Health Library Explorer
A B C D E F G H I J K L M N O P Q R S T U V W X Y Z A-Z Listings Contact Us

Chronic Lung Disease: Helping with Treatment, For Caregivers

For someone with chronic lung disease, visits with the healthcare provider are key for good health. Encourage your loved one to take the lead in their care. Then offer support as needed. Work closely with the healthcare team. Make sure all appointments are kept. Also help make sure that treatment instructions are followed.

The healthcare team

Many providers can take part in treating chronic lung disease. Get to know these providers and what they do. This will help you feel better about asking questions.

  • Pulmonologist. Specialist focused on lung problems. May work with a primary healthcare provider to guide the treatment plan.

  • Respiratory therapist. Assesses breathing skills. Teaches breathing methods to ease symptoms.

  • Physical therapist. Teaches energy-saving methods. Oversees exercise and physical activity.

  • Nurse. Helps with all types of care. Can help answer questions. Puts treatment plans into action.

  • Social worker or case manager. Helps with paperwork. Answers questions about healthcare issues. Can also give referrals to needed services.

  • Pharmacist. Fills prescriptions. Also gives information about medicines and how to take them safely.

  • Nutritionist. Helps with the person's nutrition needs.

  • Representative from a home healthcare company. Helps with equipment needed for treatment, such as oxygen. Can set up equipment and show how it's used.

Visits to the healthcare provider

Go to provider visits with your loved one. To make the most of these visits, work together to:

  • Keep a file for health records. Include all medicines that are taken. Gather as much health history as you can. Bring the file with you to the provider’s visit.

  • Keep track of changes in symptoms, diet, and physical activity.

  • Make a list of questions and concerns. Make sure these are addressed before you leave the provider’s office.

  • Write down what the provider says. Bring a notepad or use an electronic device to do this.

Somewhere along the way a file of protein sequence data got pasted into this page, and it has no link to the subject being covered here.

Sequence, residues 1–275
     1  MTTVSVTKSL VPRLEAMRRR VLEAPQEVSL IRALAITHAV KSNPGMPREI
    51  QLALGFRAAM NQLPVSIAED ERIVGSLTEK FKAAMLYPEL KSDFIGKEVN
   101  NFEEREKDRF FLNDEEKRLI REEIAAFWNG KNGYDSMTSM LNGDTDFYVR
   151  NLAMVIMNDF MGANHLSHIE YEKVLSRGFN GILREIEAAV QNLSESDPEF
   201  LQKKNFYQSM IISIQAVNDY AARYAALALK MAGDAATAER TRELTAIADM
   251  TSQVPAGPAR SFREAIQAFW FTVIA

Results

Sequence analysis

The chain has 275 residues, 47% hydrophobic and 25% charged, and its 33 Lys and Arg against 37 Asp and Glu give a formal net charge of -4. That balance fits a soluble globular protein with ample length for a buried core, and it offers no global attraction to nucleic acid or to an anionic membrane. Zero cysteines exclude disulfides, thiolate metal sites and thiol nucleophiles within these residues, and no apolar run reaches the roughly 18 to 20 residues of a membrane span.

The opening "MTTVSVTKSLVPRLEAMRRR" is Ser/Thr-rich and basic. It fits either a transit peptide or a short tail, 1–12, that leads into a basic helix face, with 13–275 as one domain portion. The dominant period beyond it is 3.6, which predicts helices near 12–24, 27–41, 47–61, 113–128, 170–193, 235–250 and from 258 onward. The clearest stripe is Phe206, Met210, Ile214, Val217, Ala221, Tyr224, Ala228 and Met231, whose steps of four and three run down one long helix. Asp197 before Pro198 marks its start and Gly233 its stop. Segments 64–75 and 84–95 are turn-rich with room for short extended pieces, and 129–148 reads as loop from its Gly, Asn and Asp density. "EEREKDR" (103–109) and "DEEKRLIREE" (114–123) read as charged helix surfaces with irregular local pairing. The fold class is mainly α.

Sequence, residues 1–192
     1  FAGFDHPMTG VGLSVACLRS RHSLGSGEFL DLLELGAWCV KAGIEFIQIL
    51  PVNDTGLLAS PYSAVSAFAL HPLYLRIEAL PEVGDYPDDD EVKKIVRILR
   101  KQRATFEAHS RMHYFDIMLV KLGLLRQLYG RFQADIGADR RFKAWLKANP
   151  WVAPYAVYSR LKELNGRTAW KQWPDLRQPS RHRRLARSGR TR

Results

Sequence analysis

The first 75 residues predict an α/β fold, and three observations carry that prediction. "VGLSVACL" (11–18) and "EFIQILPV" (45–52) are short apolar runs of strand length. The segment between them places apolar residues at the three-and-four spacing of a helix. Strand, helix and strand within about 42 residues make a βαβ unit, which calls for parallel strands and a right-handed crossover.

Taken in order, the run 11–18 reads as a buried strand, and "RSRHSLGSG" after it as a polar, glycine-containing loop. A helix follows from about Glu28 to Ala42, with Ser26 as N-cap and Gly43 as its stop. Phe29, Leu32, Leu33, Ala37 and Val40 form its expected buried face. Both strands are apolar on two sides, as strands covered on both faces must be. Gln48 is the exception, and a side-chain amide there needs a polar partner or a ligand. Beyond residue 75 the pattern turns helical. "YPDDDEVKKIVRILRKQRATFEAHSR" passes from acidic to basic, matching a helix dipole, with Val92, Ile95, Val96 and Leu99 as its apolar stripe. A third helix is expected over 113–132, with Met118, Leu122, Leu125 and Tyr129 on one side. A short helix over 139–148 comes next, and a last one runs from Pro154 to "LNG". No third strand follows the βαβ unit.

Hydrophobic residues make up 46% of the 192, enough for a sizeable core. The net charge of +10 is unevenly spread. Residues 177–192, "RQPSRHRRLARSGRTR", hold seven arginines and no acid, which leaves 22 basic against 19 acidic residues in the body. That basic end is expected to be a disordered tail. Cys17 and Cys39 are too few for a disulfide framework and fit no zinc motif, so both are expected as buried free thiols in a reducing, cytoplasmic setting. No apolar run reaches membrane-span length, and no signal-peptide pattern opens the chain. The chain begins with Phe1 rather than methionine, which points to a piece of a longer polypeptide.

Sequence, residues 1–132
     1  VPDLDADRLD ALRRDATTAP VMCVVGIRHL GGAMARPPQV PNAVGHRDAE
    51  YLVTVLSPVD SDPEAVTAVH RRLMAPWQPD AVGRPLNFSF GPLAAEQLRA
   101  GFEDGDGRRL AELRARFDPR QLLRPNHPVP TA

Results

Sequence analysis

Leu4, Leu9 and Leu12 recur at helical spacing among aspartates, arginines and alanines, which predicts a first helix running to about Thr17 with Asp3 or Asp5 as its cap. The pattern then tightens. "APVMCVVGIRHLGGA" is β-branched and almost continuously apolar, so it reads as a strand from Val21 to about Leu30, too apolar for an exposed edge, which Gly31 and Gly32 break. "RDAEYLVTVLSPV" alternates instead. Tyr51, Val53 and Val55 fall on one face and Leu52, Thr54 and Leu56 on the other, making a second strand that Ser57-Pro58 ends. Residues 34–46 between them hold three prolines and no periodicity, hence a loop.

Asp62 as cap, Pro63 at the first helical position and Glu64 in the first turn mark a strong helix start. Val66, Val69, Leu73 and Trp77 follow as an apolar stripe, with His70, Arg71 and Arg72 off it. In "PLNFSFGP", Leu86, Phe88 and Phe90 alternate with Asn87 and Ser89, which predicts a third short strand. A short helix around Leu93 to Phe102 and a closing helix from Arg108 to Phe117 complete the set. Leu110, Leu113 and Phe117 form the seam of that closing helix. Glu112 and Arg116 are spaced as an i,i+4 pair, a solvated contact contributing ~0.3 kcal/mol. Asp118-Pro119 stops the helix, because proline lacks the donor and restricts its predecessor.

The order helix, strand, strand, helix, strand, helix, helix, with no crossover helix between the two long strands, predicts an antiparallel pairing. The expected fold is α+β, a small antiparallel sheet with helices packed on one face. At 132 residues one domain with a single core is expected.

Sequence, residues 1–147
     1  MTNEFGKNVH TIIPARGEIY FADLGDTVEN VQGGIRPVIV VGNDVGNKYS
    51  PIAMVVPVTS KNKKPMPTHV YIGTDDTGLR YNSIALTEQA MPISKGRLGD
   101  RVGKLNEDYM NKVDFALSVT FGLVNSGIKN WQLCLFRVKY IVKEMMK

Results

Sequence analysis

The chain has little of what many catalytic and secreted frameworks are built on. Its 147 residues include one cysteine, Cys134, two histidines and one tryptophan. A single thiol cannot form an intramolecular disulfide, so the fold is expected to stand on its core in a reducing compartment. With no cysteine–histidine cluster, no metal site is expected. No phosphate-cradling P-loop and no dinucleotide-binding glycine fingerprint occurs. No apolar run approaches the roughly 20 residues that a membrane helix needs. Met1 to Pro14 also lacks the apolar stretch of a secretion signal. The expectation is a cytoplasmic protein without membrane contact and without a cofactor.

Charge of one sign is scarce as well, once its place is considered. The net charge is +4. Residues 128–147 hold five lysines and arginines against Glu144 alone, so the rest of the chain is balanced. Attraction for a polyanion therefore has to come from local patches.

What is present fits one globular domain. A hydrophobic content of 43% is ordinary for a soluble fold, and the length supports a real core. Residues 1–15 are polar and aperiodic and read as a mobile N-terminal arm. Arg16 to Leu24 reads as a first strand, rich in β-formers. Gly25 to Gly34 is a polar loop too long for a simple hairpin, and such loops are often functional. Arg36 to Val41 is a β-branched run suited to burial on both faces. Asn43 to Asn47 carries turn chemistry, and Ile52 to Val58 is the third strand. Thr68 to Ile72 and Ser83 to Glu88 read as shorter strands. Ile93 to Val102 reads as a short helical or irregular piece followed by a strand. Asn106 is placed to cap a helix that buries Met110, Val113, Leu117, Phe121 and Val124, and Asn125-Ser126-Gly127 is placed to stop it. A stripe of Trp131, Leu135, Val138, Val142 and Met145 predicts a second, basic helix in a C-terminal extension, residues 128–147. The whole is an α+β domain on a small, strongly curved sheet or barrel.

Common treatments

Two women looking at medication bottle and laptop.
Learn the names of your loved one's medications.

Try to learn about your loved one’s treatment. This helps you support good care habits. Here are some common treatments:

  • Medicines. These help manage symptoms. Learn the names of any medicines given. Learn how they work and when they're taken. Some medicines need a special device. This may be an inhaler or nebulizer. Know how to use these devices. Go over the correct technique with the healthcare provider.

  • Oxygen therapy. This helps improve breathing. If oxygen is needed, follow all safety guidelines.

  • Pulmonary rehab (rehabilitation). This program trains people on exercise, emotional support, and managing symptoms. Team members often include healthcare providers, respiratory therapists, and physical therapists. Go to sessions with your loved one when you can.

  • Nutrition therapy. Diet changes can help manage chronic lung disease. Nutritionists often work on finding changes that may be helpful.

When to call the healthcare provider

Call the healthcare provider right away if your loved one has:

  • Slightly more shortness of breath, wheezing, or coughing

  • Mucus has increased, changed color, or is bloody

  • Tightness in the chest that won’t go away. This is similar to what's occurred before from COPD.

  • A fever of 100.4ºF (38ºC) or higher, or as directed by the provider

  • Chills

  • Feeling more tired and worn out (fatigue)

Call 911

Call 911 if any of these occur:

  • Severe shortness of breath

  • A large amount of blood in the mucus that's coughed up

  • Tightness or pain in the chest that's new or different, or that gets worse

Online Medical Reviewer: Allen J Blaivas DO
Online Medical Reviewer: Daphne Pierce-Smith RN MSN
Online Medical Reviewer: Ronald Karlin MD
Date Last Reviewed: 12/1/2021
© 2000-2022 The StayWell Company, LLC. All rights reserved. This information is not intended as a substitute for professional medical care. Always follow your healthcare professional's instructions.